What to Look for In the Classroom

There are several behaviors that students with anxiety or OCD may exhibit in the classroom. If you are a teacher or school faculty member, it's important to be able to recognize these behaviors and take action.

What behaviors might students with anxiety and/or OCD exhibit in school?


In this video, Denise Egan Stack, LMHC, talks about the different behaviors that students with anxiety and/or OCD can exhibit.


Read below for additional information about anxiety and/or OCD behaviors that school personnel can identify in students.

Common Behaviors of Students with Anxiety and/or OCD

Some of the anxiety and OCD behaviors that teachers and other school faculty should look for in students are listed below. Click the plus sign (+) to the right of each behavior to view details and examples.


Students who are experiencing anxiety or OCD may exhibit the following behaviors:

Centering Racial Equity

In any discussion of disabilities and/or conditions that impact school functioning, it's important to reflect on the potential inequities that occur for students of color in this space. Research shows that there is a "significant disproportionality" that exists for BIPOC students, particularly when it comes to who is identified as needing special education services and how they are treated thereafter. It is thus important for school personnel to use best practices to promote racial equity in approaching how they advocate for and support their students with anxiety/OCD.

Practice Recommendations (adapted from the National Center for Learning Disabilities)

  1. Follow evidence-based evaluation processes to determine eligibility. Seek outside expertise/consultation on including considerations for cultural and/or linguistic differences as-needed.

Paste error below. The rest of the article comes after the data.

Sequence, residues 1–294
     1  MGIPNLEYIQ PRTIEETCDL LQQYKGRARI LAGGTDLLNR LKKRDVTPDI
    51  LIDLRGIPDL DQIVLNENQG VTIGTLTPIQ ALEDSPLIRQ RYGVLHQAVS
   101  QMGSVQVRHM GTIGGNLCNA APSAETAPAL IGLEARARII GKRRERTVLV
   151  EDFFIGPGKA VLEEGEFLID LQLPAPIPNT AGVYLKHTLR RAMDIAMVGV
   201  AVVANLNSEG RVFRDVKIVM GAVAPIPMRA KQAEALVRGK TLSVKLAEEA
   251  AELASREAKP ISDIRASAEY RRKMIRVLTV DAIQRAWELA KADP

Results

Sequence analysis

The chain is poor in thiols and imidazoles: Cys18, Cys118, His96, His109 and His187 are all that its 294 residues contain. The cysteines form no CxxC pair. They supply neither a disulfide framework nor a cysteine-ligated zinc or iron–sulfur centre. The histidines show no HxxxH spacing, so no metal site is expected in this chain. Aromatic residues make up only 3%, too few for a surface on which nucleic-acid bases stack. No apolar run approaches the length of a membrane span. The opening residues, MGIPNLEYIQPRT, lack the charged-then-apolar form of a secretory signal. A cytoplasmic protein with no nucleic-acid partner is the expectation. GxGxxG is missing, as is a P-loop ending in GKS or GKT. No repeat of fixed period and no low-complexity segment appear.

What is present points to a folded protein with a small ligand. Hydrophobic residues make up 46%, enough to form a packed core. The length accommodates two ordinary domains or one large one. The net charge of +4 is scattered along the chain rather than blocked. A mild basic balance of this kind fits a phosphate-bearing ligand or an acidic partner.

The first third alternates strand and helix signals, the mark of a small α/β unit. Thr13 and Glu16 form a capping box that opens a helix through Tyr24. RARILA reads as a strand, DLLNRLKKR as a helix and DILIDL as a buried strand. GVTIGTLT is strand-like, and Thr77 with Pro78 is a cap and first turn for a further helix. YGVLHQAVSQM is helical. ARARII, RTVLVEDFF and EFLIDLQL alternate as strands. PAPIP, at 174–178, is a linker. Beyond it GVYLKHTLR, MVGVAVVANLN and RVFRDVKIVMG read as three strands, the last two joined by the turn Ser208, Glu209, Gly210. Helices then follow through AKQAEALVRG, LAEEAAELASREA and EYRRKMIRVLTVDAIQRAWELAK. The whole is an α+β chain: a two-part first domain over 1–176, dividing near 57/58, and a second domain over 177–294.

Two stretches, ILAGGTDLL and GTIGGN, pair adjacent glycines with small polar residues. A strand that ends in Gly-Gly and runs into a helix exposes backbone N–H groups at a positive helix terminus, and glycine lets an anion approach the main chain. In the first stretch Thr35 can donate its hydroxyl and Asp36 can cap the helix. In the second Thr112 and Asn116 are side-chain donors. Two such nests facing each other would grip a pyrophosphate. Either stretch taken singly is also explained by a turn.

2. Prompt administration to audit the district's special education policies and processes, including those surrounding discipline, to identify biases and work to reduce them.
  3. Find ways to develop relationships and create an open dialogue with families. This can help improve understanding of cultural contexts and increase family buy-in.
  4. Invest in training/professional development for all relevant school personnel on disability identification and student support. Emphasize improving workforce diversity and culturally responsive practices.
  5. Prioritize accurate and transparent data collection and reporting, including standardizing data collection processes.

What Should You Do If You Recognize a Student with Anxiety or OCD?

If you notice symptoms of anxiety or OCD in a student, there are steps that you can take to help. For information, resources, and tools to help manage students with anxiety or OCD, visit our Resources for School Personnel.

Our Work Young Person with anxiety jumping over a ball
Our Work Young people with OCD helping each other
Our Work Teacher looking up info on OCD